Category Archives: Education

Change for the better: David Martin’s reflections on SOLACE Scotland Conference 2012

Change for the Better

Held three weeks after the Scottish local government elections, this year’s SOLACE (Scotland) Conference – Change for the Better – took place against a radically different political landscape: 30% of Elected Members were elected to office for the first time and there have been numerous changes of administrations across the country, with some interesting coalitions formed. But while the landscape may be different, many of the challenges remain the same, and this year’s conference therefore explored what local government can and should be doing to build a better Scotland.

Local authorities were challenged, in particular, to raise the bar in promoting economic growth. Peter Grant of the Entrepreneurial Exchange called for the public sector to become a champion for business, to listen to business and to ensure that rules are business friendly.  George Black, Chief Executive of Glasgow City Council, asked whether local authorities were being strategic enough in their approach to jobs and the economy: should, for example, local authorities be looking to target the pension funds they hold for local investment? Likewise, given the projected rise in demand for social care, shouldn’t SOLACE take the lead in developing a national strategy for training the future social care workforce?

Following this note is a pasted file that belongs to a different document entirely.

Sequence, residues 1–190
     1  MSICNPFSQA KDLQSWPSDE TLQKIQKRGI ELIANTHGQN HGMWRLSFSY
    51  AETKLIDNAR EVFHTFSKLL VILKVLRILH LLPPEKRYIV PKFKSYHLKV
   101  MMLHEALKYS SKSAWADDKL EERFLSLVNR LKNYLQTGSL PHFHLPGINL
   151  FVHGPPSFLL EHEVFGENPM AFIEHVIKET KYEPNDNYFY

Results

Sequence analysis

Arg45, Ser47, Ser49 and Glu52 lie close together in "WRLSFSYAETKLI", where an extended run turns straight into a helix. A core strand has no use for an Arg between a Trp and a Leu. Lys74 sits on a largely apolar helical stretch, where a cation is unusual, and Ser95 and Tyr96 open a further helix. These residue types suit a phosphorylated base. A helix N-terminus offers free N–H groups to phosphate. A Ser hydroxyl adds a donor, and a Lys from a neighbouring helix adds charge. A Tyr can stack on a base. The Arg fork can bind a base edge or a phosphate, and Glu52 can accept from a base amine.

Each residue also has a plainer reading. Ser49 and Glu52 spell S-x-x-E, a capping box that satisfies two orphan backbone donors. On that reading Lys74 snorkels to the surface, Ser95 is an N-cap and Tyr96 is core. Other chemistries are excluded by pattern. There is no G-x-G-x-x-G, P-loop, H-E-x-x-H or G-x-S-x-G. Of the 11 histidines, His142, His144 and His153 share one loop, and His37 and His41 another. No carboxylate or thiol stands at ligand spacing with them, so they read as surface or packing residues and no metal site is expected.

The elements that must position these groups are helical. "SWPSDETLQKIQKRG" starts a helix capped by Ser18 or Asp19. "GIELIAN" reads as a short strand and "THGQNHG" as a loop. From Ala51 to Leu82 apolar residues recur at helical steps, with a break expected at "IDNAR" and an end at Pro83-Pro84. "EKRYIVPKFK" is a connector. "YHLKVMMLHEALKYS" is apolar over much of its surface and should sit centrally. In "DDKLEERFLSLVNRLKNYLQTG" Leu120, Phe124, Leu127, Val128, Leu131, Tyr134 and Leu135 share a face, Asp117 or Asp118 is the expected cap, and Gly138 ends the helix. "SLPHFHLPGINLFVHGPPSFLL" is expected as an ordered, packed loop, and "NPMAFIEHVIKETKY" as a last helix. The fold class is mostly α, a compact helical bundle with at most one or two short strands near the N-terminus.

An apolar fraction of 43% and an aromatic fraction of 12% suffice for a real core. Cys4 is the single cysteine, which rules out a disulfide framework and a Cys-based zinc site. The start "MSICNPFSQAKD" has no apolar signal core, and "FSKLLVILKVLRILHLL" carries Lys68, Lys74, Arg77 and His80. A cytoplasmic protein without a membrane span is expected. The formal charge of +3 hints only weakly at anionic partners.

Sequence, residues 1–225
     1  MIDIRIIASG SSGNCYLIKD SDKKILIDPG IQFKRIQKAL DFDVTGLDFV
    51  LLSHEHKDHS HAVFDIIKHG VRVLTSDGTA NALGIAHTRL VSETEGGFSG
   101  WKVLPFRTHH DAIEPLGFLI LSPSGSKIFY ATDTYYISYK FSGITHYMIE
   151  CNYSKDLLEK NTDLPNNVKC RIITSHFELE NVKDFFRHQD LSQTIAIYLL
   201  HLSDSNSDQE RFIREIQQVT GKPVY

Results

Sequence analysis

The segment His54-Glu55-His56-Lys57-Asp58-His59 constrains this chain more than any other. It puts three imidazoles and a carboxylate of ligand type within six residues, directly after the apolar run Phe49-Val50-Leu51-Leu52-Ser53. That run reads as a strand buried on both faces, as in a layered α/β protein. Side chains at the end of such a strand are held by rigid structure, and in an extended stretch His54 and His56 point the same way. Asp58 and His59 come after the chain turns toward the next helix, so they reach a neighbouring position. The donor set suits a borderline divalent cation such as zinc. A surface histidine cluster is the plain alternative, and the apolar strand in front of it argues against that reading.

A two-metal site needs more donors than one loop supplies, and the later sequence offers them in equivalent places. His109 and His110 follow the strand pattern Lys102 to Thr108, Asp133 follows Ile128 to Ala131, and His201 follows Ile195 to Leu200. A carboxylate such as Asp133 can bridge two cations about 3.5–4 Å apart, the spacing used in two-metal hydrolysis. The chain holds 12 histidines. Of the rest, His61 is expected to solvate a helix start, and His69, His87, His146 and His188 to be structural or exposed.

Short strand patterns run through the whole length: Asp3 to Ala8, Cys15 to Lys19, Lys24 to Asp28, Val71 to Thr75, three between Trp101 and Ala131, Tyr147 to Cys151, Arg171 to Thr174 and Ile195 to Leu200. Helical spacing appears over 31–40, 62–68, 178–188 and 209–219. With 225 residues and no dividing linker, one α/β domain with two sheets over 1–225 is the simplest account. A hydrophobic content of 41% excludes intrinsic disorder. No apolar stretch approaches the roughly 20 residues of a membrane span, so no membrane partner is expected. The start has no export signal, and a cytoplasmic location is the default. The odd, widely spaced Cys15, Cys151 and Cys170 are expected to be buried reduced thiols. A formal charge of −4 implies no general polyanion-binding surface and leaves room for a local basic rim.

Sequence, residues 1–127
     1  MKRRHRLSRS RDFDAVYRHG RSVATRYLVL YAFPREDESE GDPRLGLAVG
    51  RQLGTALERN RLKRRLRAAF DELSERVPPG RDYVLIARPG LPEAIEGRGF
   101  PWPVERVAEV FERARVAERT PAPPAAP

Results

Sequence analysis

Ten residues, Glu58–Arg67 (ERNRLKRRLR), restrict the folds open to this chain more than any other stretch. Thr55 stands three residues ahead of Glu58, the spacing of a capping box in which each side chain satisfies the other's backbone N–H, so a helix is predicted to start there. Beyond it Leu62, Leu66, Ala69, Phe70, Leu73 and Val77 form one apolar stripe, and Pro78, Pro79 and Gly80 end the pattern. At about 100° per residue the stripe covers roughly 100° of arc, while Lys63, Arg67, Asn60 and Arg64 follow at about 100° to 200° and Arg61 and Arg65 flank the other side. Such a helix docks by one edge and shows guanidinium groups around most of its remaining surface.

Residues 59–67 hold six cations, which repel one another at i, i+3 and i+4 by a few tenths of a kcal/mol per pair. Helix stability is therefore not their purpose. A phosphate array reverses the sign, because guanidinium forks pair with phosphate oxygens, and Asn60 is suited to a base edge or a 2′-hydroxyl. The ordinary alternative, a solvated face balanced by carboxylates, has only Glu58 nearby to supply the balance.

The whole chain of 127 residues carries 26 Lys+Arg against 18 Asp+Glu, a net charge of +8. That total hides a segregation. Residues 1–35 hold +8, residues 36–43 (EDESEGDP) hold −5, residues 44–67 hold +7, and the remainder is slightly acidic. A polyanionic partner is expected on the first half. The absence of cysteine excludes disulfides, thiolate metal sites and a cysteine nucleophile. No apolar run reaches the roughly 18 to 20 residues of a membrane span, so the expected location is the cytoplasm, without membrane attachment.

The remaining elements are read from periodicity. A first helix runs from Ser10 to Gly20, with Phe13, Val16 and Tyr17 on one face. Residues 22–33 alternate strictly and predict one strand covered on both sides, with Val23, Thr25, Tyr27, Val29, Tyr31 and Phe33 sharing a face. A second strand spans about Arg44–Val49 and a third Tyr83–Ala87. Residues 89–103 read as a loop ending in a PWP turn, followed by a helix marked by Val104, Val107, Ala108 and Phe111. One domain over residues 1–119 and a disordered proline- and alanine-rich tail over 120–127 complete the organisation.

Delegates were also challenged to raise the bar by Sir Harry Burns, the Chief Medical Officer for Scotland, who asked ‘Why don’t we aim to close young offenders’ institutions?’ Challenging the preconceived notion that Scotland is an inherently sick nation, he outlined the connection between the loss of employment that Scotland suffered in the 1970s and the emergence of its poor health record. A comprehensible, manageable environment is essential for good health, he argued, because if individuals do not feel they are in control of the world around them, they experience chronic stress. To improve health outcomes, the challenge is therefore to give people control over their lives and to increase social connectedness in communities that are alienated. The correct public sector approach, he argued, is to co-produce.

But what should local authorities do to help people become more connected?One key theme that emerged was the importance of Chief Executives creating an organisational culture in which staff feel genuinely empowered to do different things and to do things differently. Senior managers must create an environment in which staff are supported and equipped with the skills they need, and are not reluctant to try new things for fear of failure.

While delegates were reminded of the important and often innovative work that local government does every day in building a better Scotland, it is clear that more remains to be done.To raise the bar, local authorities need to think more strategically,engage better with business and make better use of evidence-based practice. More importantly, though, it is not enough for local government to take action in isolation. Imposing initiatives on communities is not the way forward. Rather, it is for councils and partner organisations to work with communities, to enable them to produce their own solutions. Only in this way can Scottish local authorities and communities change together for the better.